STARRED REVIEW
December 2018

Girls of Paper and Fire

By Natasha Ngan

A deft portrayal of female friendship and sexuality, Natasha Ngan’s new novel, Girls of Paper and Fire, is a satisfying tale told almost exclusively through the eyes of strong and courageous young women.

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A deft portrayal of female friendship and sexuality, Natasha Ngan’s new novel, Girls of Paper and Fire, is a satisfying tale told almost exclusively through the eyes of strong and courageous young women.

Seventeen-year-old Lei lives in Ikhara, an empire with a caste society that’s based on how much animal-demon blood a person possesses. Lei is part of the lowliest group: the fully human Paper caste. Above her are members of the Steel caste (those with a mix of both human and animal features) and Moon caste (those who are fully demon, and whose members appear to be animals but possess human intelligence and extraordinary strength and abilities).

While Lei and her father live in a remote province, the cruel regime has directly touched their lives; Lei’s mother was taken during a raid. Now, years later, Lei is shocked when a caravan of animal-demon soldiers comes to take her to the Demon King’s court as one of his annual batch of concubines known as Paper Girls. Terrified and furious, but knowing that compliance will keep her family safe, Lei enters into the pampered yet horrific life of a Paper Girl imprisoned inside the Hidden Palace. Among the girls, Lei allies with sweet Aoki and graceful Chenna while also making a couple of enemies. But it’s the beautiful and mysterious Wren who most sparks Lei’s interest, and as the two girls become closer, Lei falls into a web of love, intrigue and danger.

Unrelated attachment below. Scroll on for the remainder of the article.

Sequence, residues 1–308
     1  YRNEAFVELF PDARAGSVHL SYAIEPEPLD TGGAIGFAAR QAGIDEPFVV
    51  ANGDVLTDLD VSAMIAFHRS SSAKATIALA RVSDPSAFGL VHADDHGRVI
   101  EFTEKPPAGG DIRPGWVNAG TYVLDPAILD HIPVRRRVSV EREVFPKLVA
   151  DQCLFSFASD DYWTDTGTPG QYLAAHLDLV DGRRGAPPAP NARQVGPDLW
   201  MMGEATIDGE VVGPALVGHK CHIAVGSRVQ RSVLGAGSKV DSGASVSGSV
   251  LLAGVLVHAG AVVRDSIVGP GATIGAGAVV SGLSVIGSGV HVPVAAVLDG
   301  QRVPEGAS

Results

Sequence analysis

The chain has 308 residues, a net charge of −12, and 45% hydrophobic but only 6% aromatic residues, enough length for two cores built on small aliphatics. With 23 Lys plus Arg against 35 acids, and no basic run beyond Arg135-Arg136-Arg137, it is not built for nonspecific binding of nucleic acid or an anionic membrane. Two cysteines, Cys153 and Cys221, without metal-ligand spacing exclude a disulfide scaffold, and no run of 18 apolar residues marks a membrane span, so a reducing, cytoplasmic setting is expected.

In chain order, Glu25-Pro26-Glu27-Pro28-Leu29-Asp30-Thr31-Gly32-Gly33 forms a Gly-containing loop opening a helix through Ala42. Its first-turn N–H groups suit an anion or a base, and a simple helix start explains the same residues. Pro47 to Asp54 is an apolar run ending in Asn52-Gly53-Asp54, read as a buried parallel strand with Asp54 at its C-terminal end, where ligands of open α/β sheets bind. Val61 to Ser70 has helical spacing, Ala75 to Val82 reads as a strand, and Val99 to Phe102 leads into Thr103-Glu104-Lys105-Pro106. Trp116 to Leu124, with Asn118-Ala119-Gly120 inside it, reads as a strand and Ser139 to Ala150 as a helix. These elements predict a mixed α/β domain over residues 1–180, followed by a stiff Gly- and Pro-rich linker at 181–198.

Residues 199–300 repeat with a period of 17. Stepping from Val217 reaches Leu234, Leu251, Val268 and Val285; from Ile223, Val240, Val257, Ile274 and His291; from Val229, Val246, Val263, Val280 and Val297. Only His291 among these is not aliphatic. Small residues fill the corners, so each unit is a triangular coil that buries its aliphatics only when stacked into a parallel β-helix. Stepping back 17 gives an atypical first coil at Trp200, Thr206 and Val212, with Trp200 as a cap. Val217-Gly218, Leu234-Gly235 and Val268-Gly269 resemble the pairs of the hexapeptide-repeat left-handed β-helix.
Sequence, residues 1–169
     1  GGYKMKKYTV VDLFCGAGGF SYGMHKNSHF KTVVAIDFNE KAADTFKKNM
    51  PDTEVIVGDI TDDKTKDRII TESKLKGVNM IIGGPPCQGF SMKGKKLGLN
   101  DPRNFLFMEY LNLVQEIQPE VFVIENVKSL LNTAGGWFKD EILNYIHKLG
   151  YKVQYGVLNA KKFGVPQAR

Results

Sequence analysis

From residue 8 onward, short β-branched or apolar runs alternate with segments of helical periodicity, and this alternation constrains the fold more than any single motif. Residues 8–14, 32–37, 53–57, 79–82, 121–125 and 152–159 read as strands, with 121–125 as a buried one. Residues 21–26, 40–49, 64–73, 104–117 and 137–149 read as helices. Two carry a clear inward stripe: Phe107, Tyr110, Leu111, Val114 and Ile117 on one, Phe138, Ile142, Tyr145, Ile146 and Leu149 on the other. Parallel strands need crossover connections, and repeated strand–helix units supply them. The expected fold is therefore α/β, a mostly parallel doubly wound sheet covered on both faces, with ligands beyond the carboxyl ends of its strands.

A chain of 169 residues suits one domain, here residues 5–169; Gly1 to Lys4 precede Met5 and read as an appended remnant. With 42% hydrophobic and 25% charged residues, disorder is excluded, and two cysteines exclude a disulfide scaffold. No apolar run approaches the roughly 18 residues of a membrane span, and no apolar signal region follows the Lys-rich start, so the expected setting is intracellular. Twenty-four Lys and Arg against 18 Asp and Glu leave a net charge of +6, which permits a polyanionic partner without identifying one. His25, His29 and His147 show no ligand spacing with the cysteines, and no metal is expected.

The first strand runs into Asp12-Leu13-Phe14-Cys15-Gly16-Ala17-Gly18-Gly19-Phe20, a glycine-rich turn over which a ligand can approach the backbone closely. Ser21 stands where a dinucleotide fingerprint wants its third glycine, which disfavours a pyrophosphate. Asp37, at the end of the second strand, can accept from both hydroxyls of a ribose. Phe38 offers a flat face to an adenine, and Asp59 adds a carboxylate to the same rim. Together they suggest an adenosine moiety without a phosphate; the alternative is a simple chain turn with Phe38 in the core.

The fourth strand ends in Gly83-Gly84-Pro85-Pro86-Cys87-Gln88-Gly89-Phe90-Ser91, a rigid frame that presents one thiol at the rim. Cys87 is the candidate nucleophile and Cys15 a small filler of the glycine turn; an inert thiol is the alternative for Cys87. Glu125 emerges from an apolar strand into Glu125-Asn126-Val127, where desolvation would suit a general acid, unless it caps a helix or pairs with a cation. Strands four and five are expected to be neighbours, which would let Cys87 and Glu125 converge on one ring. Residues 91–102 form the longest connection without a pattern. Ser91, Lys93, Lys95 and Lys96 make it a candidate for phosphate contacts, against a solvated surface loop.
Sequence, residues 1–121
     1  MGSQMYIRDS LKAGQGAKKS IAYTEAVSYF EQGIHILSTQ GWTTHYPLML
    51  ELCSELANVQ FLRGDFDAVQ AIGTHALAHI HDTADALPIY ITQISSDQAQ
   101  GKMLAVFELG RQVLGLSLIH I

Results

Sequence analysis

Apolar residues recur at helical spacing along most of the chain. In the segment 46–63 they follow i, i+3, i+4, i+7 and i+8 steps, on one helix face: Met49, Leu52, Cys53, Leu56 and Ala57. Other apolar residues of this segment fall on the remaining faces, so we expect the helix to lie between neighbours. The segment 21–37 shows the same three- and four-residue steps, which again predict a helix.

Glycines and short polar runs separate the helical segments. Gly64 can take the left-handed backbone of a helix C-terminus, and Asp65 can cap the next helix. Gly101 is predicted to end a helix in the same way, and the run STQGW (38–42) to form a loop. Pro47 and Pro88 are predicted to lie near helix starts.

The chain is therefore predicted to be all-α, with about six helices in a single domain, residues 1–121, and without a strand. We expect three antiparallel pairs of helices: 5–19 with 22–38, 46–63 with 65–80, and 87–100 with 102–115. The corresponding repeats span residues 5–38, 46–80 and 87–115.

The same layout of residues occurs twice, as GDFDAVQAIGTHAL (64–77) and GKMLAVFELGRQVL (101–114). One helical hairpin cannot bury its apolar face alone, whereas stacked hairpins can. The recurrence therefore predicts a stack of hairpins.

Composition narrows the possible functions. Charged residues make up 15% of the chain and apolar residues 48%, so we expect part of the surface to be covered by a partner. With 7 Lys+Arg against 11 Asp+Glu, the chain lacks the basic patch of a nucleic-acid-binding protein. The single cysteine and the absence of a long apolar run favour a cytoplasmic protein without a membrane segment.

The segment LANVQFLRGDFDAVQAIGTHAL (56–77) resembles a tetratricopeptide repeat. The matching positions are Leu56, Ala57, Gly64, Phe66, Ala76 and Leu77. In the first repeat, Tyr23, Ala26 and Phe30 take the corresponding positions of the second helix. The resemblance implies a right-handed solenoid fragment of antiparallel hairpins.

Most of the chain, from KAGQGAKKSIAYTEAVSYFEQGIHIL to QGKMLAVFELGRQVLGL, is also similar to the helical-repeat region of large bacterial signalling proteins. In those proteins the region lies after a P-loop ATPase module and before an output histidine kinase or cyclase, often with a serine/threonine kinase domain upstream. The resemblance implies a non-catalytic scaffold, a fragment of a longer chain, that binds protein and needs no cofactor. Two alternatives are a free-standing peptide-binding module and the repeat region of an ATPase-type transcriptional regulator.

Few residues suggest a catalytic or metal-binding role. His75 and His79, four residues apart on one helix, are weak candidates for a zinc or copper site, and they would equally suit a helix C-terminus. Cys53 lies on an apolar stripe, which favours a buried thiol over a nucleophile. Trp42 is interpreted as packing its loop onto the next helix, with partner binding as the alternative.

A touching (and refreshingly steamy) lesbian romance is at the core of this thrilling fantasy, and it adds emotional weight to an otherwise familiar plot. The sexual violence experienced by Ngan’s characters is portrayed as exactly that: traumatic violence, with a range of emotional and physical responses from the victims and no redeeming arc for the male perpetrator.

Lei is a compelling narrator because she is so refreshingly commonplace. She’s not a magical chosen one, nor a long-lost heir, nor a sleeper agent. She is simply a young woman whose bravery and passion will be relatable and recognizable to readers of Girls of Paper and Fire, despite the fantastical world that surrounds her.

 

This article was originally published in the December 2018 issue of BookPage. Download the entire issue for the Kindle or Nook.

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Girls of Paper and Fire

Girls of Paper and Fire

By Natasha Ngan
JIMMY Patterson
ISBN 9780316561365

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